Thanks to Colin Devroe I’ve been selected as the next to carry on this useful meme. Pick my favorite Mac applications. Okay, let’s go:
Guys, this is the real deal here. My boy Paul Bragiel just sent me this press release and since it says FOR IMMEDIATE RELEASE it is my responsibility to my 6 Business Logs readers to IMMEDIATELY RELEASE it by quoting from it liberally.
San Francisco, Calif. – April 1, 2006 â€“ Meetro, the world leader in Instant Messaging software announced today it has entered into an agreement to acquire Friendster, one of many social software sites for keeping in touch with friends and hooking up with new people.
Financial terms of the deal were not disclosed.
“We’re excited to be acquiring Friendster because we can leverage their web 2.0 technology,” said Paul Bragiel, CEO of Meetro. “This acquisition gives Meetro another brand name in its warchest, similar to Infogrames purchasing Atari a few years back.”
Friendster will provide Meetro users the ability to see who’s looked at their profile to encourage a greater number of ‘random hookups’ without the need for alcohol. Leveraging Meetro’s location-based technology will allow users to see other members in ‘real-life’ and avoid a common photo profile pitfall known as â€œthe angles.â€
In my last entry about Apple’s new MacBook Pro laptop, I noted that even though it’s a first generation machine, it’s probably not the best thing to buy if you spend your days in Photoshop painting pixels. The reasoning behind this is because Adobe Photoshop currently runs in emulation using the Rosetta emulator technology. Adobe has publicly given notice that Intel-native versions of their Creative Suite will wait until the next major version, so considering CS2 is still pretty new, I can’t imagine Adobe launching CS3 for more than a year — meaning another year until Photoshop runs at full speed. How bad is the emulation speed drop? Let’s find out.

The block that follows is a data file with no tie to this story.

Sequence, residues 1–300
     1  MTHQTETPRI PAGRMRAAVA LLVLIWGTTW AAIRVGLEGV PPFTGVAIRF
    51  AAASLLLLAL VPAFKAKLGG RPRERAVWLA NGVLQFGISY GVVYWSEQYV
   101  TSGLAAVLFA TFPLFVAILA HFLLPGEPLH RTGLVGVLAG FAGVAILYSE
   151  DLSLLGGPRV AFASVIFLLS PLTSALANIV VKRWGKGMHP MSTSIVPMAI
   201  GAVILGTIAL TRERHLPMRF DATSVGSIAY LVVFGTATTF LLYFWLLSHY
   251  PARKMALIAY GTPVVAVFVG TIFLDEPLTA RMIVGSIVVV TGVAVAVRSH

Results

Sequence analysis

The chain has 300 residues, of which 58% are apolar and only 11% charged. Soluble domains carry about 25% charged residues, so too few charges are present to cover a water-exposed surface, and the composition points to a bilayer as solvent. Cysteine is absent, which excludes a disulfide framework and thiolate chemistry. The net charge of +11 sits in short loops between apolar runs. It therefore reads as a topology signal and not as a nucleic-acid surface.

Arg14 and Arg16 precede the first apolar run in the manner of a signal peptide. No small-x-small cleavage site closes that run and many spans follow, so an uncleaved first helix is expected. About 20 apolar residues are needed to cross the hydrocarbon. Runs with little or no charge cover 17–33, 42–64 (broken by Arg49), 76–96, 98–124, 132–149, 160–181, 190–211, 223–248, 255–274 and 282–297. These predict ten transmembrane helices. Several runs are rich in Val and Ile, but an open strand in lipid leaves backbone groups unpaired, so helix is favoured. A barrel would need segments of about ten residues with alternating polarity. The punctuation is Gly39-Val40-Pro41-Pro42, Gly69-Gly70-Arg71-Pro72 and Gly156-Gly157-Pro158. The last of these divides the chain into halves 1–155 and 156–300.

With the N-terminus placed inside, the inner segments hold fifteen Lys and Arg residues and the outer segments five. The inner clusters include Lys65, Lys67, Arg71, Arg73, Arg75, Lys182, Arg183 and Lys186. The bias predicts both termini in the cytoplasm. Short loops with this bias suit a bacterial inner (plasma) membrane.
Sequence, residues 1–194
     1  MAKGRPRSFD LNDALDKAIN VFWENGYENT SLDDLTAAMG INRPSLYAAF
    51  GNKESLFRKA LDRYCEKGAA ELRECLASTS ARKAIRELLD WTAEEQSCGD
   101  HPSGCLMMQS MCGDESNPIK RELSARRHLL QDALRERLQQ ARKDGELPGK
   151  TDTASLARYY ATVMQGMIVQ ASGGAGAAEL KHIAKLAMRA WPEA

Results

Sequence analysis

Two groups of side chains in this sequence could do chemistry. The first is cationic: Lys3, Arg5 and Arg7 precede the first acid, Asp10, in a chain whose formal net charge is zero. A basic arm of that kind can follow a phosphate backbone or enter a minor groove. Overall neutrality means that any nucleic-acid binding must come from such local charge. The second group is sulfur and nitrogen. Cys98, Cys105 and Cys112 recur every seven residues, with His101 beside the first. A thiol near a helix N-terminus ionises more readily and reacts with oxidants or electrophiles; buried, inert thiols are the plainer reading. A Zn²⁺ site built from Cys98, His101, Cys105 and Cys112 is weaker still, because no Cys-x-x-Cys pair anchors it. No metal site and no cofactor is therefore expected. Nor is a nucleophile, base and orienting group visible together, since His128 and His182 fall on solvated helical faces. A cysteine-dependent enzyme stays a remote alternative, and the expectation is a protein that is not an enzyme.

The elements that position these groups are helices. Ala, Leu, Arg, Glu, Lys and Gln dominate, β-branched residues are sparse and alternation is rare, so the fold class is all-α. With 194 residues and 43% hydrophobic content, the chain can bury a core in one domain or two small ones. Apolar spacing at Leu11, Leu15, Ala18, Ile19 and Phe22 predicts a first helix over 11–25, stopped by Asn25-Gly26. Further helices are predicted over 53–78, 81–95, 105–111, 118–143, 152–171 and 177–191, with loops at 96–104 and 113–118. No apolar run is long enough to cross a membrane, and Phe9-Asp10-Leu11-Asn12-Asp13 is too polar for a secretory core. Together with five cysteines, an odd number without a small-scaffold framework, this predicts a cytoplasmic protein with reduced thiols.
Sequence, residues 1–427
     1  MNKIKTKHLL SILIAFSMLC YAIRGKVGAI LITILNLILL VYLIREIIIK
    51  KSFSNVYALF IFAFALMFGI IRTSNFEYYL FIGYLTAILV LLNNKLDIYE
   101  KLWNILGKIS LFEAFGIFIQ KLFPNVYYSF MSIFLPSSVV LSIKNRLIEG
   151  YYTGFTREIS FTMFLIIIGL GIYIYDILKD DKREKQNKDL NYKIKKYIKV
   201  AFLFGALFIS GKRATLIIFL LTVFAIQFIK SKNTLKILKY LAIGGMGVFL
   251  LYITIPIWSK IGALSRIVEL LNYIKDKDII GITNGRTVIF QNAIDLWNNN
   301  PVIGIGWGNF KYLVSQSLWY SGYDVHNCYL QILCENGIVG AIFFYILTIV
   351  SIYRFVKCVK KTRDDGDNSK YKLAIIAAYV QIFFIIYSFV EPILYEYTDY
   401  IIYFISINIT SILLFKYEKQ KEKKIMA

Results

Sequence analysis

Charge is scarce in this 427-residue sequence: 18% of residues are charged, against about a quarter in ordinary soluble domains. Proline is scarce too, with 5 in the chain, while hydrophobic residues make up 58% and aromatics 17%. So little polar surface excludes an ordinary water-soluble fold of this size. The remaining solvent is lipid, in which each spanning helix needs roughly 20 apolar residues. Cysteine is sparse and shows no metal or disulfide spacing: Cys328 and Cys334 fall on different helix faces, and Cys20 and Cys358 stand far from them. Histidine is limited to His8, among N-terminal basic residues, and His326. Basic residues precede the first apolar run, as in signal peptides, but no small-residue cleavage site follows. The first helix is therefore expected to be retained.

“Iâ€™m still curious how they plan to turn this into an actual business, and how they plan to deal with the non-existent barrier to entry in their space. I wish them the best of luck!”
I responded to that comment with this:
“Matt – the barrier to entry isnâ€™t trivial by any means. Interoperating with the major IM services (since they update their connection protocols often and like to lock-out 3rd parties) is a major pain, so these guys deserve all the credit theyâ€™re given.”